The biggest development in the history of transnational adoption, though, is the death of the myth of a “clean break” from biological and cultural roots. Today, agencies encourage adoptive parents to foster multiple identities, through organized “culture camps” or sponsored trips home. “Cultural citizenship” spurs South American-themed wallpaper, dress-up clothes, and peculiar show-and-tell moments. As cultural anthropologist Toby Alice Volkman describes in the academic journal Social Text, transnational adoption “forges new, even fluid, kinds of kinship and affiliation on a global stage.” In other words, transnational adoptees, with their socially-constructed identities, are the avant-garde of the present global age.
Jerri Wegner, who has three adopted Colombians of her own, helps educate new families on managing their children’s identity. “I tell parents,” she says, “that we have to take our children out of Colombia in order to bring them home, but we never have to take Colombia out of our children.” Her agency, Friends of FANA, organizes Spanish-language camps in Colombia, and country-themed gatherings in upstate New York, where kids are fed Colombian food and encouraged to play soccer wearing Colombia’s yellow national team jersey.
Hollee McGinnis, a sociologist at the Evan B. Donaldson Adoption Institute who studies identity in adoptees, wonders whether this is the best approach. She argues that “culture camp” may unnecessarily complicate the development of a healthy identity. Her research describes two layers of culture that every adoptee has. The first is an “external” layer of food, attire, language and history — things anyone with a little curiosity can pick up. But the second layer of culture is more elusive: “the culture of being,” which can only be acquired by living it. “It’s how you walk, interpret the world, your internal values,” McGinnis says. “Most adoptees lose that.”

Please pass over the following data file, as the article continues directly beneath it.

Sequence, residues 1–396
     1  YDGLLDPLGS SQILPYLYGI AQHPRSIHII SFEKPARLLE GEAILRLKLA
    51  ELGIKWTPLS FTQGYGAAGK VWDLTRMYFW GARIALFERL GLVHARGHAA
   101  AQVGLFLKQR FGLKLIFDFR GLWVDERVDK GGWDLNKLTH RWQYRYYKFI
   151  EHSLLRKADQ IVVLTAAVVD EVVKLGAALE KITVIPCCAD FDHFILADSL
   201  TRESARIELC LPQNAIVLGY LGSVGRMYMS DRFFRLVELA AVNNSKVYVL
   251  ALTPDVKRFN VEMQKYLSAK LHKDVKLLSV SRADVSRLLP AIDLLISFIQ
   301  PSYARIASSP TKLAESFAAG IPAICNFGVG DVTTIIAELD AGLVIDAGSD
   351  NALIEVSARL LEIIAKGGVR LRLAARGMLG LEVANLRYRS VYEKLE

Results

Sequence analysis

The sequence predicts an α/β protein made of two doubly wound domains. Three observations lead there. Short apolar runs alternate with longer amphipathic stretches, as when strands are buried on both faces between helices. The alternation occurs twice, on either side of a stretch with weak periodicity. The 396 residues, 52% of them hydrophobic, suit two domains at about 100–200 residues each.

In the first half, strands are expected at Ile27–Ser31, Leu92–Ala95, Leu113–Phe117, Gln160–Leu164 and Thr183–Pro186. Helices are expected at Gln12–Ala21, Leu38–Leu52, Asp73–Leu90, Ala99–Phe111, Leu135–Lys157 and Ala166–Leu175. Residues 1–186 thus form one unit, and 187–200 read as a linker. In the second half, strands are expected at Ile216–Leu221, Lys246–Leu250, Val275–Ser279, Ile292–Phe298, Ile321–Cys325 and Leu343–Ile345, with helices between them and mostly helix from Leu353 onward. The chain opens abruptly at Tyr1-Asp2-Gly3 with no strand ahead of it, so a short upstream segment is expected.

A shifting sense of home
The Colombian in Cerami’s face is visible, but she moves like a girl from Long Island, with a wide, forward-pressing gait. These days, Cerami works as an analyst at Ann Taylor’s online marketing division, in Midtown. Before that, she did a stint on the floor for Sephora. She squeezes appointments in before racing off to the New York Sports Club, then heads home to a Lower East Side one-bedroom where her open laptop chirps with instant messages. She talks to her mother every day. “I had fights with my mother just like any teenager,” she says, “but now she’s my best friend.” And still, Cerami holds on to a desire “to be from some place.”
Like for many adoptees, Cerami’s search began with documents. Her first came in a DHL envelope, just a week after her visit to the consulate: a birth certificate. “Not a mystery solved,” she says, “but more like answers to questions I didn’t realize I had.” Her own name is Constanza Cruz. She had not been left on a doorstep.
That winter, Cerami got in touch with her orphanage in Colombia. A friend’s wedding in South America had given her an excuse to stop off in Bogotá, the first time any Cerami had returned to Colombia since Jennifer was three months old. Through a contact at the consulate, Cerami sent out an announcement on Colombian radio asking Constanza Cruz’s mother to call, but nobody responded. Colleagues at Cerami’s office, who had been following her revelations, offered donations for the orphanage, which Cerami planned to visit. Come Christmas, Linda drove her adopted daughter to the airport.
“I’m afraid I’m not going to feel,” Cerami told her mother in the car. “I’m afraid I’m going to go down to this country and be completely not affected by what I see. My life is not going to change. This isn’t going to have a connection with me, and what does that mean then?”
The circle of adoption
Flor Rojas, who has run the FANA adoption agency in Colombia for 35 years, and won numerous humanitarian awards there, has the cordial, almost outdated mannerisms of Colombia’s patrician upper class: pearl-wearing Catholics who have their hair done regularly at the salon. Rojas has no children of her own, nor did she adopt. But she has single-handedly placed over 10,000 Colombians with families all over the world.
For Cerami, and other FANA adoptees, Rojas represents all the unknowns in an adoptee’s life — a passage to what Betty Jean Lifton, who wrote the first influential adoptee memoir Twice Born in 1975, calls “the Ghost Kingdom of what might have been.” Rojas had met Linda and Michael, a young couple from Long Island with love to spare, and a young mother, in a bind, from the hot Upper Magdalena valley.